A number of online third party ticket retailers have entered the market (such as thetrainline.com, raileasy.com, redspottedhanky.com and mytrainticket.com), but these websites are often subject to restrictions, such as not being able to sell season tickets.
Passenger train operators will need to take steps to improve ticketing information available to passengers, making full use of new technologies to develop further innovative proposals to provide improved service-levels for passengers. For example, the current generation of ticket machines were designed to reduce queues in ticketing offices, and not necessarily designed with the printing of online-bought tickets in mind.
Undoubtedly, the future of rail tickets is smart ticketing. This wide definition encompasses print at home tickets, using mobile phones and smart cards as well as contactless cards (using NFC technology). Over 40,000 tickets have been bought using applications on smartphones (known as ‘m-tickets’), with passengers able to switch between different train operators’ services on a single journey. M-tickets also allow passengers to have ‘live journey support’ such as real time train running updates and connections, which gives the facility an edge over contactless or other smart cards. The current issues with purchasing tickets online – namely the vast array of choices and unclear ticketing options – will still need to be resolved so that passengers can utilise these smart ticketing systems.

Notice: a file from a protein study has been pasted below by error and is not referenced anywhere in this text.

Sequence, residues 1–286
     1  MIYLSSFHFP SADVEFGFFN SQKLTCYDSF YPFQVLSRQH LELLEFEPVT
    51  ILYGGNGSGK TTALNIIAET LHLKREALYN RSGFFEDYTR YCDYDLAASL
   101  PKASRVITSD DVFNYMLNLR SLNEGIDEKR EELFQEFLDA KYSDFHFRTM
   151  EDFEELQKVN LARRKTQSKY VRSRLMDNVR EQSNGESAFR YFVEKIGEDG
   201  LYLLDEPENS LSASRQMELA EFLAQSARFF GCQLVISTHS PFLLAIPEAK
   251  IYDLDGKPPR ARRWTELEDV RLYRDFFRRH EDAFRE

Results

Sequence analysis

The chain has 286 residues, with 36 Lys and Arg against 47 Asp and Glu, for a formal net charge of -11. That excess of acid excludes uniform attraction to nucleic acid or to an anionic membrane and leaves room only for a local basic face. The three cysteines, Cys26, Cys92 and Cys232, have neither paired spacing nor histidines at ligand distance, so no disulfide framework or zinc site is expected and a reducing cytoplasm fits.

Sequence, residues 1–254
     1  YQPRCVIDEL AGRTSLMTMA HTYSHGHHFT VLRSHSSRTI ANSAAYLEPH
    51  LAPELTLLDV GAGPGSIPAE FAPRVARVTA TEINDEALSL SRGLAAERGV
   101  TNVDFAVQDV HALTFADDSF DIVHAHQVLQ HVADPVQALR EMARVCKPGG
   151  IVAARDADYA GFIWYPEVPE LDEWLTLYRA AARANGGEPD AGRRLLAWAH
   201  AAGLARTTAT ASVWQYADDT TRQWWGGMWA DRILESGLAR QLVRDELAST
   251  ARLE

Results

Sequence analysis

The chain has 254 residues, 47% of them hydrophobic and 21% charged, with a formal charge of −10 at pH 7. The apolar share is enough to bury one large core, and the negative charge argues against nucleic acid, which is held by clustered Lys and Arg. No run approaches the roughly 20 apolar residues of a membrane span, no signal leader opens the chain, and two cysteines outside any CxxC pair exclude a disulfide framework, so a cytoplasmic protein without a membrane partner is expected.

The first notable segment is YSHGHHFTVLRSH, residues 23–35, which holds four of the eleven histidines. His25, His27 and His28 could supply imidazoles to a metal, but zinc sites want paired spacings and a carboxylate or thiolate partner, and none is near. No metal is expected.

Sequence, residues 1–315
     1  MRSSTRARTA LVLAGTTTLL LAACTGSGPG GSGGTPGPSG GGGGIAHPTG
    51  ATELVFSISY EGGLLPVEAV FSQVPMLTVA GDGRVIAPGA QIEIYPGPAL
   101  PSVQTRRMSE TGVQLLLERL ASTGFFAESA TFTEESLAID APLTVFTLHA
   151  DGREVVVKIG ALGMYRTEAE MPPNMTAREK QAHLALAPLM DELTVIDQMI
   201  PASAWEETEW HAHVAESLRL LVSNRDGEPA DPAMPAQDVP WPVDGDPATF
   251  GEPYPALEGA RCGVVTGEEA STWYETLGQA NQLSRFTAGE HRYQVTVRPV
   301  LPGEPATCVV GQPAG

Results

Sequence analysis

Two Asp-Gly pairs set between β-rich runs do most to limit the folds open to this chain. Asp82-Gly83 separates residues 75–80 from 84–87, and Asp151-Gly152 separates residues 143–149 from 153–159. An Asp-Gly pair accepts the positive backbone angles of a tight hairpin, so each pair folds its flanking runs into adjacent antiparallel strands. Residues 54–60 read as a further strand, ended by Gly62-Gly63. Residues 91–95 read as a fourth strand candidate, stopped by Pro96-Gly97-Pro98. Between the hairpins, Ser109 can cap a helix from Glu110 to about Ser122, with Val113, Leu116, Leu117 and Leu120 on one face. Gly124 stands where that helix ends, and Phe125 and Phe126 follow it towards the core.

One recent initiative backed by both the rail industry and the Department for Transport is HackTrain, a platform whereby software developers, designers and entrepreneurs are being invited to come up with innovative solutions to make the rail network and infrastructure more efficient. The best ideas will receive a £25,000 investment fund to help turn the ideas into reality. It is rare that the major players from across the network come together to try to improve passenger experience and operational efficiency, so this drive to encourage new technologies should be welcomed.
The government is clearly focusing on moving the rail industry into the digital age, and improving the online ticket experience will form part of the strategy to create a world-leading railway network. However, the vision of a smart enablement of the rail network in England is scheduled to take between 10-15 years, and if the history of rail network development is anything to go by, it may take considerably longer.